As intuitive as this idea may sound, exploiting endogenous CRISPR systems can be cumbersome; scientists must first figure out if they work and then test if they can be reused. But there are also advantages to this approach. For instance, researchers avoid the potential cytotoxicity exogenous Cas effectors might have. Additionally, as plasmids do not need to pack entire CRISPR systems, they are smaller in size, which might favor their delivery.

     A man wears a black jacket and looks at the camera. He is holding a culture dish with his hand.

In his lab at North Carolina State University, functional genomics researcher Rodolphe Barrangou explores how native CRISPR systems can be used in probiotic bacteria and as potential antimicrobials.

North Carolina State University

In his lab, Barrangou explores how to harness a widespread endogenous type I CRISPR system and its associated nuclease, Cas3, to potentially enhance the efficacy of probiotic bacteria such as Bifidobacterium and Lactobacillus. Bifidobacterium species are typical gut bacteria, and their presence associates with many health benefits, including improving host immunity and preventing gut infections.10 Lactobacilli also inhabit the human gut, and some species improve intestinal barrier function in mice.11 

In a series of in vitro studies in Bifidobacterium lactis and Lactobacillus crispatus, Barrangou’s team repurposed the type I CRISPR-Cas systems that they harbor as effective gene-editing tools. The researchers showed that both CRISPR systems from both bacteria could be repurposed for genome editing by delivering a plasmid containing a self-targeting gRNA that directed the multi-subunit cascade complex and the Cas3 nuclease to the target genomic site and repair templates that enabled gene deletion without lethal consequences for the bacteria.12,13 

Beyond improving the efficacy of probiotics, Barrangou was also interested in reprogramming endogenous CRISPR systems to act as antimicrobial agents. In contrast to broad-spectrum antibiotics that indiscriminately eliminate both pathogenic and beneficial bacteria, CRISPR-based antimicrobials may provide a more precise way to kill pathogenic bacteria without affecting the rest of the microbiota.

Clostridioides difficile (C. difficile) is one such harmful bacterial species that could be targeted by CRISPR antimicrobials. Infections caused by C. difficile affect approximately half a million patients in the United States, leading to 30,000 annual deaths.14 Broad-spectrum antibiotics are commonly used to treat C. difficile illness; however, antibiotic treatment often eliminates commensal bacterial species that help keep C. difficile growth in check in the microbiota. 

Barrangou teamed up with Casey Theriot, a microbiologist at North Carolina State University, and David Ousterout, a biomedical engineer at the precision medicine company Locus Biosciences, to use CRISPR self-targeting in C. difficile. Instead of using plasmids to deliver the RNA guide into cells, the team turned their attention to bacteriophages, bacterial viruses that specifically target their bona fide host. “It makes a lot of sense to use phages for very accurate, very precise, narrow spectrum, antimicrobial applications,” said Barrangou.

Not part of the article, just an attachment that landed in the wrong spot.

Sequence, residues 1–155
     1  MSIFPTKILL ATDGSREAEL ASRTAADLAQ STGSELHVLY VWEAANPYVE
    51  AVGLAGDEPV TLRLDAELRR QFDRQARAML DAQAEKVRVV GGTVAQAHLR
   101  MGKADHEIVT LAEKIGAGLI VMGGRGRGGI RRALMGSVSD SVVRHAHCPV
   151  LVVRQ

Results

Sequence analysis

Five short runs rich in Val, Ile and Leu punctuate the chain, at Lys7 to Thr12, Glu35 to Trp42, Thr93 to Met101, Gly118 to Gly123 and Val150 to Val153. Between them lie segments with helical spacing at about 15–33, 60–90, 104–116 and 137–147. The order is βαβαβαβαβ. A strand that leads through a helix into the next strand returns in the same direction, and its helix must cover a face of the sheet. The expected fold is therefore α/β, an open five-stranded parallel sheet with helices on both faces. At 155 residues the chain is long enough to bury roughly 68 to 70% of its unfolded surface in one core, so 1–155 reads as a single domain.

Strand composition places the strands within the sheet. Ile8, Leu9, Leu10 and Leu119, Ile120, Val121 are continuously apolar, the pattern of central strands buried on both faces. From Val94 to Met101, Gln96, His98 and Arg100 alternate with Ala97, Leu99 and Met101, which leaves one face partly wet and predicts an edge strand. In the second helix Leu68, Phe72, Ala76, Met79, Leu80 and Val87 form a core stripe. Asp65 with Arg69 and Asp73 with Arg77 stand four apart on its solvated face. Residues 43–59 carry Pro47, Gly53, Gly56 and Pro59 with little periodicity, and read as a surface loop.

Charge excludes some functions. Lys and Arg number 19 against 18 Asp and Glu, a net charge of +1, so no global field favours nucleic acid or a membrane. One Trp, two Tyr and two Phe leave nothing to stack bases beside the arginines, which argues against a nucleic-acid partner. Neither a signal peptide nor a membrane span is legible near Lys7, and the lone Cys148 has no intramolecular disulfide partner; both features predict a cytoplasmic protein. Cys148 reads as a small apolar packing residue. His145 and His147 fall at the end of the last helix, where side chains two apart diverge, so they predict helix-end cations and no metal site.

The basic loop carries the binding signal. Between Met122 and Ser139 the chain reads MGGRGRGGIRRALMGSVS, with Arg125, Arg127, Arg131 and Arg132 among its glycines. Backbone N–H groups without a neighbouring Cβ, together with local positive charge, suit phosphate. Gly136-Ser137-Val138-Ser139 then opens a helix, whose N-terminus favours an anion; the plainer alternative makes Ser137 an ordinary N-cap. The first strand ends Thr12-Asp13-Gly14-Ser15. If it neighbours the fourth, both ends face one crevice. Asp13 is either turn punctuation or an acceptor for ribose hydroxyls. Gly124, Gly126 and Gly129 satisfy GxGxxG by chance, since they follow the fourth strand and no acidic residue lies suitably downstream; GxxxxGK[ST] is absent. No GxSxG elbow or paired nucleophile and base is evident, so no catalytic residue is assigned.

Using a recombinant phage expressing the CRISPR gRNA targeting a specific DNA sequence, the researchers tested whether this method would redirect the C. difficile CRISPR system to target bacterial DNA in a mouse model of C. difficile infection. Treating mice with phages encoding the CRISPR targeting of C. difficile DNA reduced bacterial burden. Further refinement of the phage delivery vehicles resulted in greater reductions in the inflammation and epithelial damage caused by C. difficile infection, highlighting how phages can be coupled with CRISPR-based targeting to create novel therapies against pathogenic microbes.15

Engineering Microbiomes with CRISPR

The microbes that make up an organism’s microbiome have a range of effects on its health. Scientists use CRISPR systems to genetically manipulate specific bacterial species, for instance those found in the mouse gut microbiome, to find new ways to promote health and treat disease.

     A bacterium in the gut microbiome of a mouse is highlighted. Three mechanisms for CRISPR delivery are shown on the bacterial cell.

© nanoclustering.com

(1) Scientists select a specific microbe, such as a bacterial species, for CRISPR-mediated genetic manipulation.

(2) Researchers deliver CRISPR system components using different methods, including conjugation, transformation by heat shock or electroporation, and transduction by bacteriophages.

(3) Scientists directly provide the sequence encoding all CRISPR components, a Cas protein and a guide RNA, into the target microbe.

(4) Alternatively, scientists co-opt the bacteria’s endogenous CRISPR machinery and supply only the guide RNA.

(5) Scientists edit the microbe’s DNA or cause irreparable breaks that lead to DNA degradation.

     A genetically manipulated bacterium is shown. Three effects of the engineered microbe in the gut are shown.

© nanoclustering.com

(6) In bacteria, scientists modify either the plasmid or chromosomal DNA of the microbe. In complex microbial communities such as the gut microbiome, CRISPR-engineered bacteria have multiple applications.

(7) Engineered probiotic bacteria produce modulatory molecules to fight diseases and restore the intestinal flora.

(8) As an antimicrobial, CRISPR self-targets the DNA of a pathogenic bacterial strain.